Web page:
EL PASO, Texas (KTSM) — El Paso is seeing an increase in youths being involved in violent felonies, according to some new data.

According to data from the Texas Juvenile Justice System, the state has seen a 10 percent increase in 2022 compared to 2021 in youths being referred to the juvenile system for violent felonies. However, in the West Texas region, that number is much higher with an increase of 47 percent.

“Prevention is key and requires a multi-faceted approach starting at the community level. Although our juvenile justice system does collaborate with the community to support prevention efforts to divert youth from entering our system, our primary role is intervention once they reach our doors,” said Rosie Medina, the chief juvenile probation officer for the El Paso County Juvenile Probation Department.

There have been numerous violent incidents in the past few weeks in El Paso involving youth.

Over the weekend, a 17-year-old was killed and two other teens burned after a vehicle that had been reported stolen crashed in East El Paso.

According to the El Paso Police Department, the driver of the vehicle was 14 years old and the driver, along with a passenger, a 13-year-old, fled the scene.

Also over the weekend, police say a 16-year-old attacked two other teenagers sending them to the hospital. The teen is being charged with two counts of aggravated assault with a deadly weapon.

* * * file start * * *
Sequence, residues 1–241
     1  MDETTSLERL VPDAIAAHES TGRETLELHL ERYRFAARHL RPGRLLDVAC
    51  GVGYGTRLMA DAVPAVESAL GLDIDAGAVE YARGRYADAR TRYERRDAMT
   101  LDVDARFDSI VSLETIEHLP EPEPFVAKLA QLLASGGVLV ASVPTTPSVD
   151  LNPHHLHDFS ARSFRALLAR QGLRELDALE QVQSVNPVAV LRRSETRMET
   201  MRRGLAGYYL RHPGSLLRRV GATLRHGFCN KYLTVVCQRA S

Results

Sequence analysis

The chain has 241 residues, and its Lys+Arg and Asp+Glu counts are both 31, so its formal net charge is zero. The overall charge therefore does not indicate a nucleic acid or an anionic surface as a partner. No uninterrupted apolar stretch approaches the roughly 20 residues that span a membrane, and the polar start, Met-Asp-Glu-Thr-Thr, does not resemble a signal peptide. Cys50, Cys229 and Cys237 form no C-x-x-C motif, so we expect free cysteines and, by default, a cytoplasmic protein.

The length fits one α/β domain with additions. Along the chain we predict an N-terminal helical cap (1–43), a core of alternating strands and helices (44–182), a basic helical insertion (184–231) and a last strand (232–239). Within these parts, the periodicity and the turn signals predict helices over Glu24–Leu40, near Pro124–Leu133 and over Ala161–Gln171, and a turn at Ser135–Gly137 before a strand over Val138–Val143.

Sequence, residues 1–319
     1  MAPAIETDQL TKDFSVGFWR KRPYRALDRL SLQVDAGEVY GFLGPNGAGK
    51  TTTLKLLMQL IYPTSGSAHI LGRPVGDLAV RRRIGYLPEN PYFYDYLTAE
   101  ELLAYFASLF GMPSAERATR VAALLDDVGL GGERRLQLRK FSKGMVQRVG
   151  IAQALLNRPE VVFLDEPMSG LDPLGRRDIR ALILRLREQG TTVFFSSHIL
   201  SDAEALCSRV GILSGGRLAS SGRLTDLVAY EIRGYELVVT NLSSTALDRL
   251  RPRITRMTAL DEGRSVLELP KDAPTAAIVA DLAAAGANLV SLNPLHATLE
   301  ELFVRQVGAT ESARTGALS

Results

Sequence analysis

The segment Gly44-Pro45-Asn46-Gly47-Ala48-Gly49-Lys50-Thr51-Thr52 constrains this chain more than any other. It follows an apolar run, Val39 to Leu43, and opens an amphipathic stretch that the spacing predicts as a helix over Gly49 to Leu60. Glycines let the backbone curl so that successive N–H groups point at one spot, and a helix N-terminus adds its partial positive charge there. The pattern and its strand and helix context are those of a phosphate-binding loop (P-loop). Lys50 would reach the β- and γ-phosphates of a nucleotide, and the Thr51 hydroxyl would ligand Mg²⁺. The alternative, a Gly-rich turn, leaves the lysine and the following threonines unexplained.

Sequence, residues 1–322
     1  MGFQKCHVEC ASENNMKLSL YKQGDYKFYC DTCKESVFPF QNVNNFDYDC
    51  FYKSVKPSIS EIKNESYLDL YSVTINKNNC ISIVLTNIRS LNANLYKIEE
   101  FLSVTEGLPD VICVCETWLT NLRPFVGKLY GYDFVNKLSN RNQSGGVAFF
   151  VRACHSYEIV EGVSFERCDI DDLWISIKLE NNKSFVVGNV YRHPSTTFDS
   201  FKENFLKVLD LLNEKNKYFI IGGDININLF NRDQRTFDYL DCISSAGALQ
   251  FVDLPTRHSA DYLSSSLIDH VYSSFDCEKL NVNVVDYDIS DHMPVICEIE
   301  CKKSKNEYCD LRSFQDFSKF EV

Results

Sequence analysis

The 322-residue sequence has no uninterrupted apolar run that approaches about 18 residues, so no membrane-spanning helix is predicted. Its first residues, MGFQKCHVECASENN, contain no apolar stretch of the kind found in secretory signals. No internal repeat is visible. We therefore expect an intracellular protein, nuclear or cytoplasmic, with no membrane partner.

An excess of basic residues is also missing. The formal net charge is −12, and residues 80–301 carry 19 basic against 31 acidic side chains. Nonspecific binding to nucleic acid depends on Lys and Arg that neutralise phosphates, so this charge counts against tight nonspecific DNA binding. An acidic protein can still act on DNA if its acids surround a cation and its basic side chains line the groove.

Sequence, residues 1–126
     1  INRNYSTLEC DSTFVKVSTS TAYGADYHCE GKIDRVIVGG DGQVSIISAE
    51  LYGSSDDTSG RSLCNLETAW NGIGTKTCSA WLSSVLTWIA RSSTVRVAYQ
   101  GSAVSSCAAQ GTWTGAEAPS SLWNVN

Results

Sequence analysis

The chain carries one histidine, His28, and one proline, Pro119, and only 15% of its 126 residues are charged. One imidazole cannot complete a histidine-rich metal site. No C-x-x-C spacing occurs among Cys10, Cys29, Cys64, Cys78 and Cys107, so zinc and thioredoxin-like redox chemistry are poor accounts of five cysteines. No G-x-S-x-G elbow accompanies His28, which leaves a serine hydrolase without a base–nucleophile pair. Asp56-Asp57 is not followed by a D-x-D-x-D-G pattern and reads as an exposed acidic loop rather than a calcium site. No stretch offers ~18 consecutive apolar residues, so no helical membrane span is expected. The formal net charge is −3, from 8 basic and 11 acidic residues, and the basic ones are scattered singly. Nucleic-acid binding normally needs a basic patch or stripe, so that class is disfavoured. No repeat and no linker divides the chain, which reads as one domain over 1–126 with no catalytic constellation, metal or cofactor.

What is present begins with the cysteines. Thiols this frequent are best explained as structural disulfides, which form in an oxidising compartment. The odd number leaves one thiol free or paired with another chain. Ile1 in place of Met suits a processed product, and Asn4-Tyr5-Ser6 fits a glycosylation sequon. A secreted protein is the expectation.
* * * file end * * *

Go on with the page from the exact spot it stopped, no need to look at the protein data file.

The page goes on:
Also in January, a video went viral of a teenage girl being arrested at an out-of-control house party in West El Paso.

Two youths– a boy and girl – were arrested during the incident. They were charged with resisting arrest and interfering with public duties.

Police say an 18-year-old was shot at that same party.

El Paso Juvenile Defense Attorney Omar Carmona told KTSM 9 News that he has seen an increase in youths having weapons.

“Huge increase in weapons and I think it’s just because they are getting money to pay for these weapons and how they’re earning that money — drugs. I see a lot of kids are helping the human smuggling. That’s a big problem,” Carmona said.

Carmona added that a lot of responsibility falls on the parents.

“I have way too many clients that are just roaming the streets. Parents aren’t calling the police and saying, ‘Hey, my kid’s run away.’ We also have parents that are providing a home to these kids,” Carmona said.

He added that has seen an increase in El Paso youths posting pictures of weapons and money on social media.

“There’s a big rise in gangs and again I think a lot of it has to do with the attraction — people posting cash all over Instagram. I think younger kids see that and say, ‘Hey, how can I make some cash?” Carmona said.

The FBI of El Paso also has noticed a rise in young adults posting cash and weapons on social media.

“With social media, they’re very comfortable and it’s their primary means for communication, so we have seen an increase in young adults, a lot of young adults, participating in violent crime across the nation,” said Jeanette Harper, public affairs officer for FBI El Paso Field Office.

Harper reminds the community to report posts if they are threatening.